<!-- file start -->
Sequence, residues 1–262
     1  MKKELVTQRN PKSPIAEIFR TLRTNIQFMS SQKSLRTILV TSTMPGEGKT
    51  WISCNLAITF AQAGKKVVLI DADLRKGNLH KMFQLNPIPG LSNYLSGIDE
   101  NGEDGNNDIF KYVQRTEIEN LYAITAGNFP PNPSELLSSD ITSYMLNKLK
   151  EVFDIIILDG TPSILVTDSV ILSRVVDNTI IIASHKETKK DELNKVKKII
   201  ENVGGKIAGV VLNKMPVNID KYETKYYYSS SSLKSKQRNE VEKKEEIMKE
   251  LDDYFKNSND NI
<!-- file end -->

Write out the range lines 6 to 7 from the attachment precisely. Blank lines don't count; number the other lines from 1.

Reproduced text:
   201  ENVGGKIAGV VLNKMPVNID KYETKYYYSS SSLKSKQRNE VEKKEEIMKE
   251  LDDYFKNSND NI